minimize the ballistics or move them to a different day. I'll explain:
- (1-2 minutes) Kettlebell Passes - perform a mixture of
behind-the-back passes and underleg, figure-8 passes. Make
sure to keep your head up during the figure-8 passes. These drills
are excellent for activating all the stabilizer muscles in your
back, ribs, and abdominals, and they take the place of deadlifts
for emphasizing correct knee, hip, and spinal alignment. Peform
enough reps to achieve a light sweat/fatigue.
- (20-25 minutes) High-tension Circuit - choose 2-3 of the
following exercises including at least one pull and at least one
press. Pulls include 1-legged deadlifts and squats. Presses include
military press, side press, windmill, or get-ups. Use
the heaviest weight you can handle with good form.
I always include front squats in this circuit becuase they help
me maintain groin flexibility -- an area where I would struggle
otherwise. I rotate the press that I choose every 6 weeks or so,
and choose between the pistol and 1-legged deadlifts each workout.
My philosophy is that squats attack a particular weakness of mine
so I stick with them, and then I can rotate the other exercises
as I see fit.
- (10 minutes) Ballistics on the clock - It doesn't
get much simpler than this. I perform 10 sets of 10 high swings,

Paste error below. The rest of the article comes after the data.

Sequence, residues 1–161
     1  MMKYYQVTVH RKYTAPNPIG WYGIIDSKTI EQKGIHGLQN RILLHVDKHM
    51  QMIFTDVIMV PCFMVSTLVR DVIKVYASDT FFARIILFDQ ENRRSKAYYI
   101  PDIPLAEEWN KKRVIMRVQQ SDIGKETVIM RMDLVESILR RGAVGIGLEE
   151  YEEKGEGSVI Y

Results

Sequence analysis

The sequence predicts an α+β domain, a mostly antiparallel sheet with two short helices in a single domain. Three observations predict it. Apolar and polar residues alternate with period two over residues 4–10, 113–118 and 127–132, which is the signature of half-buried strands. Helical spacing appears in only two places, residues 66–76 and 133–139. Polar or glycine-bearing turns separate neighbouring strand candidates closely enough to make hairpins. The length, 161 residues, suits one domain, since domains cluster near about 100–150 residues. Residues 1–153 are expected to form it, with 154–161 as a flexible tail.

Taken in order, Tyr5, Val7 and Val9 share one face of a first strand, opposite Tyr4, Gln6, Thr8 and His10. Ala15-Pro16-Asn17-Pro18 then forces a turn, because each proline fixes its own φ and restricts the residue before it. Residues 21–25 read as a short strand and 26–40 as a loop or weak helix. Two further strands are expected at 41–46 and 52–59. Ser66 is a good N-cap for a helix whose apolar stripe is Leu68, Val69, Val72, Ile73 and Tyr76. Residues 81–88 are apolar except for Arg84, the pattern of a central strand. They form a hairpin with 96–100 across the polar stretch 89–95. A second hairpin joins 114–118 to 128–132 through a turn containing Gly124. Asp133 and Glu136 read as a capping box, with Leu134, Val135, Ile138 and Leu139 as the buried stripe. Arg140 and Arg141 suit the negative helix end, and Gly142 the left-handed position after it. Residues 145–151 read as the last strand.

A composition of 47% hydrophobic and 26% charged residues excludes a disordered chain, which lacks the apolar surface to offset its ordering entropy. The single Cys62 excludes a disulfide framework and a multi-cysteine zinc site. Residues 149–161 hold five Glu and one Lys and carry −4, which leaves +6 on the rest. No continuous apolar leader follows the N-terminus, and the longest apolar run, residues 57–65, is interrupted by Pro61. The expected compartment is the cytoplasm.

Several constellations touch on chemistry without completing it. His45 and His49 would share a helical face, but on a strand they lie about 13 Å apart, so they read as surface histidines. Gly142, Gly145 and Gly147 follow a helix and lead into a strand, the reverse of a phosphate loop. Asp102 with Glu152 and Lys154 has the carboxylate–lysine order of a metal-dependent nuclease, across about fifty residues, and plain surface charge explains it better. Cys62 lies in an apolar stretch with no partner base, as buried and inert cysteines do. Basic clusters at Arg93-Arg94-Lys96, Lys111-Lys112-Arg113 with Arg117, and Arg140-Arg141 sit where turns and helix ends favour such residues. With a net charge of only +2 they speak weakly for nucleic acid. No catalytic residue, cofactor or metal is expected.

starting each set on the minute. This works out to be about 30 seconds
of swinging and 30 seconds of rest. If your swings are lower, you'll
have a little more time to rest within each 1 minute window. This
type of workout has been demonstrated to have the greatest impact
on your endurance, and on your hormones. Simple and devastatingly
effective. Sometimes I replace the 10 high swings with sets of 6
double cleans, or 8 snatches. Regardless of the specific exercise,
keep yourself on the clock.
- (Relax!) Zero Tension Drills - During technical
exercises such as presses, squats, and even passes, your goal is
to maintain total body tension. When finished with your workout,
and even between sets of your workout, your goal is to create minimum
tension. By opening your jaw and fists, gently bouncing with your
knees, and breathing deeply through your nose, you should be able
to completely relax your body. These techniques are great any time,
but they are particularly effective when performed back-to-back
with high-tension, weight-bearing exercises. Your goal is to develop